Land Subsidence Issues Common in Harris, Galveston, and Fort Bend Counties

The Subsidence web site is dedicated to informing the public of land subsidence issues that are common to Harris, Galveston, and Fort Bend Counties in the state of Texas. The site is maintained by the Harris-Galveston Subsidence District with input from the Fort Bend Subsidence District. These are the two districts that have regulatory powers in the three counties. Further information on each district is available by visiting their individual sites.

Frequently Asked Questions About Land Subsidence

What is land subsidence?

Land subsidence is sinking of the land surface. The elevation of the land surface is lowered by compressing the many layers of clay beneath the land surface. In the greater Houston area, land subsidence is caused by the withdrawal of groundwater. When we pump large amounts of groundwater from the aquifers beneath us, we pull water out of the many layers of clay, which allows the clay to compact under the weight of everything above them. In other parts of the world, other things can cause subsidence besides the pumping of groundwater, such as oil and gas withdrawals and even coal mining. Some natural land subsidence occurs over long periods of time, due to the natural settling of sediments left over from millions of years ago, but nothing compared to the rates of subsidence caused by us.

What harm is there in subsidence?

In the low elevation areas, generally nearest the coast, land subsidence from 1906 to current of as much as 10 feet has been recorded (Map of Subsidence 1906-2000). When the elevation of your house is only 10 feet above sea-level and you lose 10 feet of elevation because of subsidence, your house is now under water. The Brownwood Subdivision in the City of Baytown is a perfect example of the effects of subsidence in coastal areas. Brownwood is now mostly underwater and has been turned into a nature center by the City of Baytown. Further inland, subsidence is not as evident because the relationship to sea-level is not as apparent, but still of great concern.  The land surface of the greater Houston area is very flat and therefore prone to flooding. We also get a lot of rain in the average year, and sometimes a lot of rain when a tropical storm or hurricane moves through. Flooding has always been a major issue in the area. By continuing to over pump groundwater, we potentially change drainage patterns of creeks and bayous, increasing flow into some areas and decreasing flow out of those areas. From 1978 to 2000, as much as 5 feet of subsidence has been measured in northwest Harris County (Map of Subsidence 1978-2000).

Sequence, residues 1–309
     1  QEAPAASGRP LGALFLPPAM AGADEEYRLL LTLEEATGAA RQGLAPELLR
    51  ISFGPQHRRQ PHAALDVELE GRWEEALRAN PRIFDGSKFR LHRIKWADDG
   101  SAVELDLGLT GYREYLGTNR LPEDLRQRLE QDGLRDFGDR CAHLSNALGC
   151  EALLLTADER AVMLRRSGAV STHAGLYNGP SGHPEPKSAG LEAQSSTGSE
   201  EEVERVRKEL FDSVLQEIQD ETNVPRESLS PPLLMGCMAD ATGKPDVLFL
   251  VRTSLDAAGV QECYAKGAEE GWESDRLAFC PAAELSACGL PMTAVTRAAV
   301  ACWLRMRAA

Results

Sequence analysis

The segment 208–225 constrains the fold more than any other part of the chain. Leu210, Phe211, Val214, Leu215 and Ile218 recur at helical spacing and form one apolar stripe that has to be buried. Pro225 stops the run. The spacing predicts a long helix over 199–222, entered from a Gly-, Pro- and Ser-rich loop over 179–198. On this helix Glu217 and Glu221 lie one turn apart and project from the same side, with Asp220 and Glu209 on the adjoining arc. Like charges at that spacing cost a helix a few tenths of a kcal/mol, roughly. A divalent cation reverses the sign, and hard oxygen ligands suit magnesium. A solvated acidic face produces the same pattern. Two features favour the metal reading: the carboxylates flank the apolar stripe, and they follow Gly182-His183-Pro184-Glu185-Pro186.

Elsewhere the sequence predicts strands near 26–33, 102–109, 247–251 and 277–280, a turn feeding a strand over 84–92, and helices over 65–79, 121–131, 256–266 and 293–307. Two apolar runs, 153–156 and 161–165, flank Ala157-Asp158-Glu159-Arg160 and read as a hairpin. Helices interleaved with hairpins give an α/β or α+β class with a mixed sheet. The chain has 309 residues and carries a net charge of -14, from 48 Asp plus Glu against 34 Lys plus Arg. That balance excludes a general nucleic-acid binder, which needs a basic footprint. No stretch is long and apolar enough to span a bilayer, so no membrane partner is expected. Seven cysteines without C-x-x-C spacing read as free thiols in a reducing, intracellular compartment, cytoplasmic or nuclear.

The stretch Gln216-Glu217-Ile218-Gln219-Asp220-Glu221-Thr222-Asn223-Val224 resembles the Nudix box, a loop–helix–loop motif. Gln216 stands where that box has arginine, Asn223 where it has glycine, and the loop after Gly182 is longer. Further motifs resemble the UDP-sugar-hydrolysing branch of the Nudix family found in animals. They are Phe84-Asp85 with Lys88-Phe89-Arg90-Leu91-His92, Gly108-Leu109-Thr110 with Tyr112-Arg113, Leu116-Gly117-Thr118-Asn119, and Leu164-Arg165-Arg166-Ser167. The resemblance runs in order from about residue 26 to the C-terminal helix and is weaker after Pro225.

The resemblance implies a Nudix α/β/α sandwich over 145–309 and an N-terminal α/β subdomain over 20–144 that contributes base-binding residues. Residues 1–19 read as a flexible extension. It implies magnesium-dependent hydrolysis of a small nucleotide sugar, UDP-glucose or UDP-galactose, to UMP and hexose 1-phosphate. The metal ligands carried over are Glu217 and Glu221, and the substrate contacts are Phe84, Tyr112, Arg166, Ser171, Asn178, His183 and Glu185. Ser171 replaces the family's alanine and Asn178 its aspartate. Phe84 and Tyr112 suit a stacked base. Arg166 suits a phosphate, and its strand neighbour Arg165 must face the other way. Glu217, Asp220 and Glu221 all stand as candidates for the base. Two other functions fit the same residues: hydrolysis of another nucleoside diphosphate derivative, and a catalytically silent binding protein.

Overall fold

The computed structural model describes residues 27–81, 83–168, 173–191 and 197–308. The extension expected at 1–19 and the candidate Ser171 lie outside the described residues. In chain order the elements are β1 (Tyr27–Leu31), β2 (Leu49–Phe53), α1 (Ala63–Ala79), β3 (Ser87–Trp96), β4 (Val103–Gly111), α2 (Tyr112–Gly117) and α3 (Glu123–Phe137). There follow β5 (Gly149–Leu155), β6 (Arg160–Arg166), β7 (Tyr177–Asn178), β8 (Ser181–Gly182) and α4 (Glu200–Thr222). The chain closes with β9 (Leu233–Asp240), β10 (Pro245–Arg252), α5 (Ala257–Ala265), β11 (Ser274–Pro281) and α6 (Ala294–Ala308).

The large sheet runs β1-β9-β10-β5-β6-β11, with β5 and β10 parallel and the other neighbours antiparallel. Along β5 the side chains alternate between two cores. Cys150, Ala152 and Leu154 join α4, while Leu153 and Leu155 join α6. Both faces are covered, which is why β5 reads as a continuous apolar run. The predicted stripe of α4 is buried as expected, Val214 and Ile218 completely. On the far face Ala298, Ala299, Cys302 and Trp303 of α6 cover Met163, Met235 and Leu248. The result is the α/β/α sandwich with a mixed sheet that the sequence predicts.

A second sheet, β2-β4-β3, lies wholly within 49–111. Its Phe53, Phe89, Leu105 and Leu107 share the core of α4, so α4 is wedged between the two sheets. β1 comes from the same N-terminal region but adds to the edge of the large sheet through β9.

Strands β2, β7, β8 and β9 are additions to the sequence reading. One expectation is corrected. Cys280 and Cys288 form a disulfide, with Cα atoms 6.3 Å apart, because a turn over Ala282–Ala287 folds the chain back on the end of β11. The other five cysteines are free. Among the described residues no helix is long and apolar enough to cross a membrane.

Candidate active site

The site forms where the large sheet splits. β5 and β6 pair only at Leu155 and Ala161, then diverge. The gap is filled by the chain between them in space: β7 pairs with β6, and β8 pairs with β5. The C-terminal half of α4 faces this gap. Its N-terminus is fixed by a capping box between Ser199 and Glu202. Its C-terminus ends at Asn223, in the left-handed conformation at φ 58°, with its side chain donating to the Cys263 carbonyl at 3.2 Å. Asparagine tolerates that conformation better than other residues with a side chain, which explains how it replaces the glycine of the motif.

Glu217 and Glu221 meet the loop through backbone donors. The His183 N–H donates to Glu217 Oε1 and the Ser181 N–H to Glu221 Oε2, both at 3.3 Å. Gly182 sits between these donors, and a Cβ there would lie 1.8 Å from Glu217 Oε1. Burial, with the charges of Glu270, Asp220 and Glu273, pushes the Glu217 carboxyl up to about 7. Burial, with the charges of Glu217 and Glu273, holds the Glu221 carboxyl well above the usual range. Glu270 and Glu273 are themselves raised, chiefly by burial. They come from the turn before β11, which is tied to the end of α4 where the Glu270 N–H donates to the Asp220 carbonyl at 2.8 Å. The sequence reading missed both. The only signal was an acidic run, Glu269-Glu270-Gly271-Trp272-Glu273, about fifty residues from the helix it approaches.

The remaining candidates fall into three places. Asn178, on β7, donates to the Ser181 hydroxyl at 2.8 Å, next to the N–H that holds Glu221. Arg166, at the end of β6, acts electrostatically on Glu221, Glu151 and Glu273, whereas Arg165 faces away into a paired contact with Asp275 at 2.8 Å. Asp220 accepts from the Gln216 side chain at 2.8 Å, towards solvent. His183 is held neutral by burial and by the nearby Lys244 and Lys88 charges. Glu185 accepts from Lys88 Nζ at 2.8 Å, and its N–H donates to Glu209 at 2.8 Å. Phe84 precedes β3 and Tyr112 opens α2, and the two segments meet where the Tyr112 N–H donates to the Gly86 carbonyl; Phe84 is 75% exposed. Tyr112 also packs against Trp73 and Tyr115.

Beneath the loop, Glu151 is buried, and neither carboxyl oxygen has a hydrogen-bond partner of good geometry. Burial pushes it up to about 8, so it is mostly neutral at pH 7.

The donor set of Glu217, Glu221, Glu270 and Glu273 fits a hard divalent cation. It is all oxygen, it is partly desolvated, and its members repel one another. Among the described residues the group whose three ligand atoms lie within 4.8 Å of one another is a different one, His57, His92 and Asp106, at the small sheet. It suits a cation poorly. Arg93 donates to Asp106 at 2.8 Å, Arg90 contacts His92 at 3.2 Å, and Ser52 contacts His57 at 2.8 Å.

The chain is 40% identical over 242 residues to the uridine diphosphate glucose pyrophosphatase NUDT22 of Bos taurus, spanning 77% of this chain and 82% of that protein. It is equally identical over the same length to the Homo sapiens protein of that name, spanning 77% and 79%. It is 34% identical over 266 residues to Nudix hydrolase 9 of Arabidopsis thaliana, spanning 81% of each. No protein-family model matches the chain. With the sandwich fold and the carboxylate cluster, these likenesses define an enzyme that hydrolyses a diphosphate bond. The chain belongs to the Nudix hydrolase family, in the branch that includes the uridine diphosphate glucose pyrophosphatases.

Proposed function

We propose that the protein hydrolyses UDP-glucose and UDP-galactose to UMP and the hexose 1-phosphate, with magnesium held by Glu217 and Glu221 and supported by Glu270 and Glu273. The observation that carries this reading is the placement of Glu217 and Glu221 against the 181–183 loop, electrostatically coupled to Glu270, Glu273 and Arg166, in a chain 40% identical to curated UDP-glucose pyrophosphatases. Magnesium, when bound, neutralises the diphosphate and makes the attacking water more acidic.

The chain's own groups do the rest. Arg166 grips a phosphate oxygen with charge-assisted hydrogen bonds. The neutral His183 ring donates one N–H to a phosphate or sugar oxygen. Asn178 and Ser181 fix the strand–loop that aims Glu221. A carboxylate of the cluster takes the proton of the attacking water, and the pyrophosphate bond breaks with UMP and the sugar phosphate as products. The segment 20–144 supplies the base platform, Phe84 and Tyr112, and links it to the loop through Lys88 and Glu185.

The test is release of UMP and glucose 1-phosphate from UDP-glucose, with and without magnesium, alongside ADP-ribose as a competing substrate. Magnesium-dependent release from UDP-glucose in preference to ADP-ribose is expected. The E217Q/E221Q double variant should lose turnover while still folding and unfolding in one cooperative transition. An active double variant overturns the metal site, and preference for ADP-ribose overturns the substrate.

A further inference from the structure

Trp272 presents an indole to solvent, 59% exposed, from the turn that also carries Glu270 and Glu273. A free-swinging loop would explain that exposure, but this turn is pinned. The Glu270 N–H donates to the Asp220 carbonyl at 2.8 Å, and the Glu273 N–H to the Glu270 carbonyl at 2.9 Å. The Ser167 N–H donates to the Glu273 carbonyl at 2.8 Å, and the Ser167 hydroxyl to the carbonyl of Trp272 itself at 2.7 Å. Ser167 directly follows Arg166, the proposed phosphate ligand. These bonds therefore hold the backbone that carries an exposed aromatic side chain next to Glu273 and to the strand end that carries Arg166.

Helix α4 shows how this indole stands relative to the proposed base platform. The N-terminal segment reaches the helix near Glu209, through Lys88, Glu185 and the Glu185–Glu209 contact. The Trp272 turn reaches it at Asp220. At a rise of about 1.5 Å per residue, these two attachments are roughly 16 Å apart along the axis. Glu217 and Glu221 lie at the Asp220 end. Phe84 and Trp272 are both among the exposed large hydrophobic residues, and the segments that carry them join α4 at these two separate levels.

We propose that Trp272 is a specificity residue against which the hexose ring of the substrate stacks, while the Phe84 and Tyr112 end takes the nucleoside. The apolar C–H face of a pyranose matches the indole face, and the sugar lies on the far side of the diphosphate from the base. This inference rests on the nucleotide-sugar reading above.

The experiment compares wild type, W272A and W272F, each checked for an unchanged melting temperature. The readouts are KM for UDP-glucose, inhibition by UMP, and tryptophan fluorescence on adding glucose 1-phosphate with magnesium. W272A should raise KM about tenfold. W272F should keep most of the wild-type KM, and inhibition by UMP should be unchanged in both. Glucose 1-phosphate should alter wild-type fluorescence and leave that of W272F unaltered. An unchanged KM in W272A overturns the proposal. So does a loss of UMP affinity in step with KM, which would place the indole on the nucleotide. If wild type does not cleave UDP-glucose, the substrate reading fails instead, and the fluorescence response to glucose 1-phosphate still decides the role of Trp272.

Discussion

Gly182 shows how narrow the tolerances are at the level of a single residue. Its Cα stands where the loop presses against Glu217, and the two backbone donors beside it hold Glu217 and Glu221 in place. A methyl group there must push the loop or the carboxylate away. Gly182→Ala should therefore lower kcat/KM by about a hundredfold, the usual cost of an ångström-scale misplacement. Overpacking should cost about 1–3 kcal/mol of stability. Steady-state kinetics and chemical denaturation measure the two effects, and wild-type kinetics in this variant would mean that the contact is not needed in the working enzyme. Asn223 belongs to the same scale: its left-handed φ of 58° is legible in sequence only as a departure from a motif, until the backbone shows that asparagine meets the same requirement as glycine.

How can subsidence be stopped?

Very simply put, subsidence will be stopped when we quit pumping too much groundwater. However, the conversion from groundwater to alternative sources of water (surface water, treated effluent, etc.) is not as simple. Many of the cities, industries, and others in the coastal areas converted years ago to surface water, at considerable costs. The area has considerable supplies of surface water, through the development of Lake Livingston on the Trinity River, Lake Houston and Lake Conroe on the San Jacinto River, and the Brazos River.

What is the Subsidence District doing to stop subsidence?

The District developed its first Regulatory Plan in 1976 to address the coastal areas. There have been 3 different Regulatory Plans developed throughout the years. The latest and current Regulatory Plan was adopted in 1999. The 1999 Regulatory Plan requires the coastal areas, Areas 1 and 2, (Map of Regulatory Areas) to continue with same groundwater reduction requirements without significant change. The 1999 Plan focuses mostly on the north and west part of Harris County Area 3. In general, permittees in Area 3, beginning in 2003 are required to submit groundwater reduction plans (GRP's) that address how they will reduce their groundwater pumpage by 30% in 2010, 70% in 2020, and 80% in 2030. As the reductions occur in Area 3, along with the continued conversions in Areas 1 and 2, subsidence throughout the area should slow considerably and eventually stop. From 1995 to 2000 (Map of Subsidence 1995 to 2000), subsidence in the coastal areas was negligent, due to the conversion from groundwater to surface water. In that same 5 year period, we recorded as much as 1 foot of subsidence in north and west Harris County, it the fastest sinking area in greater Houston.